Wednesday, January 21, 2009
TBR Wednesday: The McKettrick Way
Book: The McKettrick Way
Author: Linda Lael Miller
Category: Contemporary Romance
Setting: Northern Arizona
Series: McKettrick Women, Book 2
Challenge: TBR Challenge
When I found out that this month's TBR Challenge theme was Category, I knew that I wanted to give one of the many Linda Lael Miller's McKettrick books in my TBR pile a try. I jumped right into the series with The McKettrick Way, and while I ended up liking the ranch theme, I found the romance to be less than satisfying. Warning! This review contains spoilers.
Brad O'Ballivan, having gained success as a country music singer, is tired of the fast life and has retired from the business. He returns to Stone Creek Arizona after years of being away, in hopes of picking up his old life as a rancher and rekindling the love between him and his years ago sweetheart, Meg McKettrick. Meg is shocked to hear the news that her old flame is back in town for good. She loved Brad more than anything and he broke her heart by leaving town to become a famous singer. The last thing that Meg expects is for Brad to not only be able to sweep back into town and pick up where he left off, but for him to be able to sweep back into her heart.
I had quite a few problems with this story. I think the biggest of them was that Meg was baby obsessed. She wanted a baby more than anything, which would have been fine had she not propositioned Brad, upon his arrival, with a request to impregnate her and then let her be a single mother. I have serious problems with stories that involve women wanting babies with men and then requesting that they not be present in the child's life.
Next up is Brad and his reasons for leaving Meg to begin with. He wanted to save his family's ranch and needed the money from singing to do that, but instead of going on to become a singer and staying with Meg, he leaves her behind and marries his manager's daughter, who was pregnant with another man's child, so that her dad wouldn't be mad at her. How noble of him, only not.
Then there is Meg's absentee father. Meg never knew her father, he left before she was born and all she's been able to learn about him over the years is that he wasn't welcome in her family. Of course, he shows back up, and he's dying, and he has a mouthy twelve year old daughter that he wants Meg to raise.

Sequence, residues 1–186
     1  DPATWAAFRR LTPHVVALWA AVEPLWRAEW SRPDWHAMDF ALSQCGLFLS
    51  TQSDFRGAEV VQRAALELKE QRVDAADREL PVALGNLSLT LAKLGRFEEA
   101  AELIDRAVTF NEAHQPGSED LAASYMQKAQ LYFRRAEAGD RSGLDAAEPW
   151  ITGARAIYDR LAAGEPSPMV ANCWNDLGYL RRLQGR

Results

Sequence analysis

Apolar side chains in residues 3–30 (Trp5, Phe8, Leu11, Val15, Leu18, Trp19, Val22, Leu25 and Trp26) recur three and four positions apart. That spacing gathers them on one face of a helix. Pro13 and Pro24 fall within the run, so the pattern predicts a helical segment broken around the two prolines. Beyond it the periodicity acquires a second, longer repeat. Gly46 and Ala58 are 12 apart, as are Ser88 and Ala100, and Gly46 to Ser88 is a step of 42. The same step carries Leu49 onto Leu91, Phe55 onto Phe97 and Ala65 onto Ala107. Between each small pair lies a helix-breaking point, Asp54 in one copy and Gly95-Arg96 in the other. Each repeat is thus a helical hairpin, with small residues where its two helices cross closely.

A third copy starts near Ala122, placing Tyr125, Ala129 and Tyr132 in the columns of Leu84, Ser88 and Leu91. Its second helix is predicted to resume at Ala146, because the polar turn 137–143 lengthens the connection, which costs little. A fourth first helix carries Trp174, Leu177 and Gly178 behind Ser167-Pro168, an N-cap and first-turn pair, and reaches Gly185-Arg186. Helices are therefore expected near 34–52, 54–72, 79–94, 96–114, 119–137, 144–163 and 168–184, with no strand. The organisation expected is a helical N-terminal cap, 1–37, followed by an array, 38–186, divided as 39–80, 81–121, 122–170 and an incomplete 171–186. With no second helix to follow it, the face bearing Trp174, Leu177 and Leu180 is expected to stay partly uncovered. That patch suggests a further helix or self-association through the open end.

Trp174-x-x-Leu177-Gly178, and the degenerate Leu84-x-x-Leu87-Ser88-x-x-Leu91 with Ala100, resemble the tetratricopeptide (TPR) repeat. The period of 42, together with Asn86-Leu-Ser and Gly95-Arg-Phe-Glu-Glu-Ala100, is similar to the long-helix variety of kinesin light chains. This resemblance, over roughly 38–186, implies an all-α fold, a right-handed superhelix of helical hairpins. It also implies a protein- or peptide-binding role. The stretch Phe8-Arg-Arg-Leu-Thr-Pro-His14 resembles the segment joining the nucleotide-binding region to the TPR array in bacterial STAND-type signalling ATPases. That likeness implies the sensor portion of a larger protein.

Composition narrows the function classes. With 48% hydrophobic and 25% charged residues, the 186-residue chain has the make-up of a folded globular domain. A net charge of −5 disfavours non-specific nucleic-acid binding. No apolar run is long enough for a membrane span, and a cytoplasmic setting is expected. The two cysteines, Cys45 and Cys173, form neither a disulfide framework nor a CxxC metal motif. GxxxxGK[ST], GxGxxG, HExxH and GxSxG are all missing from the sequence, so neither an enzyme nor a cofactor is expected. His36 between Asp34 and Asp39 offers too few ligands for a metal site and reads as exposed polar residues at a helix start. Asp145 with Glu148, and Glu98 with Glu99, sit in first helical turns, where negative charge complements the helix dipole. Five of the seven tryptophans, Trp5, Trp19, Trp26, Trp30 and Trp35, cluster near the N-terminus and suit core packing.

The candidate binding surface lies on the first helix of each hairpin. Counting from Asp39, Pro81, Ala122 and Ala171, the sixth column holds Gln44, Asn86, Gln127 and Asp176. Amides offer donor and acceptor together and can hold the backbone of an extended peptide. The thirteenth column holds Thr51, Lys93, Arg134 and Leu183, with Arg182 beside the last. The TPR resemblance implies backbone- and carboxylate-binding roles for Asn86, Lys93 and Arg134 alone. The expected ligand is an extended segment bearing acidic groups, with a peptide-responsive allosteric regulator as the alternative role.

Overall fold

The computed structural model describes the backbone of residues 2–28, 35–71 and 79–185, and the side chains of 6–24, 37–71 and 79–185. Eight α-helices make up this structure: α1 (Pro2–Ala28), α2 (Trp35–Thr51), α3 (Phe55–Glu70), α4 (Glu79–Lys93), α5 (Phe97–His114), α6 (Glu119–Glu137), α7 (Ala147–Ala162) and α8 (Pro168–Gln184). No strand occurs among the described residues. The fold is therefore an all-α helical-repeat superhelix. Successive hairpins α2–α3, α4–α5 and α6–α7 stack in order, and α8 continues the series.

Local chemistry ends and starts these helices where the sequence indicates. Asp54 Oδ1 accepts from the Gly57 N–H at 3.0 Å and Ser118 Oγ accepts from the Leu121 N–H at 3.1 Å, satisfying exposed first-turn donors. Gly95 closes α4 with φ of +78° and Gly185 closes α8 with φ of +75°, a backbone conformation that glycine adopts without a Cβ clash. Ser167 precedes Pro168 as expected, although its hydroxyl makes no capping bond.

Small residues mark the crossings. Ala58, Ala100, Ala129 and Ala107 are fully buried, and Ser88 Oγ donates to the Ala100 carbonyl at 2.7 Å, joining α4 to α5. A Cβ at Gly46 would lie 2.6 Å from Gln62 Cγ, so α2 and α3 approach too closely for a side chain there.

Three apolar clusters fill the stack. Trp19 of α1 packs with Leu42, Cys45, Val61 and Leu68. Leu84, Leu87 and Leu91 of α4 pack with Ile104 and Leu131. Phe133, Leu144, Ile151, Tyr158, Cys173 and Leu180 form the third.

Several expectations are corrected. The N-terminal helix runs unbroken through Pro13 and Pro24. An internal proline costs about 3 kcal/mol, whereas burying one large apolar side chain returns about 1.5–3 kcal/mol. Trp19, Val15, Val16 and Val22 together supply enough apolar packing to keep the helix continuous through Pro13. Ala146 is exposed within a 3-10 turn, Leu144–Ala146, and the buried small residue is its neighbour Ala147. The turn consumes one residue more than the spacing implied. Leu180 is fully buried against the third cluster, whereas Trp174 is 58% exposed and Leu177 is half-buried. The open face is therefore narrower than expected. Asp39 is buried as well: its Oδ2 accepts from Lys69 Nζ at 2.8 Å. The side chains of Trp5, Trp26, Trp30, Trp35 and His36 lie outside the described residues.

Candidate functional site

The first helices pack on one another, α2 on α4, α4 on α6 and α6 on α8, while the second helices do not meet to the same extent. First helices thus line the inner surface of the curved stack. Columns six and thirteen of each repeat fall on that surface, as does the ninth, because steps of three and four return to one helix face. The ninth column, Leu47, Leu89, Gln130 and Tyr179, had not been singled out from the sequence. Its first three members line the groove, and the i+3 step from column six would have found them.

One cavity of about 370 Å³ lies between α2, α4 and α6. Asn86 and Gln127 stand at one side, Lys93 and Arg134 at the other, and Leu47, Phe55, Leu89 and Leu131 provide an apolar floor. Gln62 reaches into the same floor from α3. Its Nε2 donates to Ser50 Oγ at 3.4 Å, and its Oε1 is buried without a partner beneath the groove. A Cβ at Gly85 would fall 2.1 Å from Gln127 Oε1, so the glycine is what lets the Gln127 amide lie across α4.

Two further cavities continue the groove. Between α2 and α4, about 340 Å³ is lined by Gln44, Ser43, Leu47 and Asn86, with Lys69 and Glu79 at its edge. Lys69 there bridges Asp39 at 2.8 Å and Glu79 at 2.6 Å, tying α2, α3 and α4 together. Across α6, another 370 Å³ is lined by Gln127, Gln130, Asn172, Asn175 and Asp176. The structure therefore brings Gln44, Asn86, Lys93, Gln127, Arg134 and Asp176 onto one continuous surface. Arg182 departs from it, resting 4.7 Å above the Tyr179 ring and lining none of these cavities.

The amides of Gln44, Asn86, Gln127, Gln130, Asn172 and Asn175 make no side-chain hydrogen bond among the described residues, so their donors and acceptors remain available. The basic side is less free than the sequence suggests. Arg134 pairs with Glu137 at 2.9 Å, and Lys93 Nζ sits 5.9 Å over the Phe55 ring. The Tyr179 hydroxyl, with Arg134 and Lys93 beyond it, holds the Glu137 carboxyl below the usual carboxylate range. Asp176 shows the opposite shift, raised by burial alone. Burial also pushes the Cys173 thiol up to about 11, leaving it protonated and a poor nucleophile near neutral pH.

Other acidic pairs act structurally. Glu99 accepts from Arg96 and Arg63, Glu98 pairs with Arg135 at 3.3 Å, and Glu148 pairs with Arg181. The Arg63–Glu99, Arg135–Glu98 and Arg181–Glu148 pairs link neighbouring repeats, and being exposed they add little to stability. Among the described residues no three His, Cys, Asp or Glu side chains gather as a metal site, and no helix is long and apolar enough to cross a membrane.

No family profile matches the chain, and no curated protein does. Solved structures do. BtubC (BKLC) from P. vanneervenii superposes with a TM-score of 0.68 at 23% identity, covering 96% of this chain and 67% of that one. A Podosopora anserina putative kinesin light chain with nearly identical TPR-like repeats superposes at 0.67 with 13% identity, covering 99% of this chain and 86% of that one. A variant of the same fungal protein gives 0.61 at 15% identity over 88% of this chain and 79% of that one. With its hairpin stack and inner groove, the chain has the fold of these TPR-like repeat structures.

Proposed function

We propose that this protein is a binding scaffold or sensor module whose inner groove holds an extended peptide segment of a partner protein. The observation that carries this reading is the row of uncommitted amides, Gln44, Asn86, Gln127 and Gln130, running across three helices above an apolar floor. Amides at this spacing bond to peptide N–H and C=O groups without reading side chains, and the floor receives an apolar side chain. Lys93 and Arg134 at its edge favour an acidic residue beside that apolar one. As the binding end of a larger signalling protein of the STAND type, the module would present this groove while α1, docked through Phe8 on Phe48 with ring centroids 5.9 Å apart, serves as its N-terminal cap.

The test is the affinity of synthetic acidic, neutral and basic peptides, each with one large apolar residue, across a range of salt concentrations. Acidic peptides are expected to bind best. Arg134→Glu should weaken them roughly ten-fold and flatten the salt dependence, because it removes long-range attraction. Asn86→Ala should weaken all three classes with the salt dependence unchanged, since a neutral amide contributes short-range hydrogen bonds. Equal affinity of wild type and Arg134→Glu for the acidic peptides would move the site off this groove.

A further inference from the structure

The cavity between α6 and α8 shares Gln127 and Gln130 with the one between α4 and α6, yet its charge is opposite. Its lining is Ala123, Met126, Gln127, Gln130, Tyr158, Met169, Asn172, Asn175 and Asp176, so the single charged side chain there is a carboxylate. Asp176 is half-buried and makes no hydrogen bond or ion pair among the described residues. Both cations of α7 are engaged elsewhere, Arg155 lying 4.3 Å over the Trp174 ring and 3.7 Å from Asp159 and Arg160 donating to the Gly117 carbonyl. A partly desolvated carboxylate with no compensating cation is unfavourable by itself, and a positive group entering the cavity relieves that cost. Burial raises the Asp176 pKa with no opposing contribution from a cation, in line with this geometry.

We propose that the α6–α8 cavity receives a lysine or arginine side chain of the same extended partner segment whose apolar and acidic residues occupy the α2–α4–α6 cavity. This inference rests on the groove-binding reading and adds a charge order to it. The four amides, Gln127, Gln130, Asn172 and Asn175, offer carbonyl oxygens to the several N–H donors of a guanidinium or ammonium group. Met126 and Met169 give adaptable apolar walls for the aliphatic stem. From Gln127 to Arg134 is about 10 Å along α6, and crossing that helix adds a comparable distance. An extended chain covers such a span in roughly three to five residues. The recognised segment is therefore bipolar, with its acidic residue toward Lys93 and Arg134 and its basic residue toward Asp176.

To be fair, I should mention that the though the problems were many, they were resolved in a believable way. But not even a well handled problem was enough to win me over. The McKettrick Way was more of a family melodrama than a romance. There was a lot of reference to past McKettrick characters, and their relationships, and how they were related to Meg, and how many children they had, and their children's names - so on and so forth. I know that some authors like to use their past characters and events to tie their stories together, but for a book so short, the inclusion of everyone was unneeded.
So what did I like? The relationship between Meg and her centuries old great grandfather, Angus. Angus shows up to Meg as a ghost and he's full of insight and quips. The banter between the two was fun, and up until the point where Meg's long lost sister was able to see him as well, I was enjoying that part of the story. I found Brad's sister, Olivia intriguing. Her love of animals struck a chord with me. I was glad to see that she was featured in a recent story and I'll probably check that out.
Though I'm glad that I made a slight dent in my TBR pile, The McKettrick Way was not as good as I would have liked. I do think the story could have done without a few of the many issues that were placed in Meg and Brad's way and focused more on their relationship, so that their reconnection was more viable. The way it was, Meg and Brad spent more time apart than working through the problems of their past and coming to a resolution that fit their experiences with each other. Had the story stuck to the romance between the two and not strayed so much into the big reveals, I'm sure I would have liked it better. Grade C+.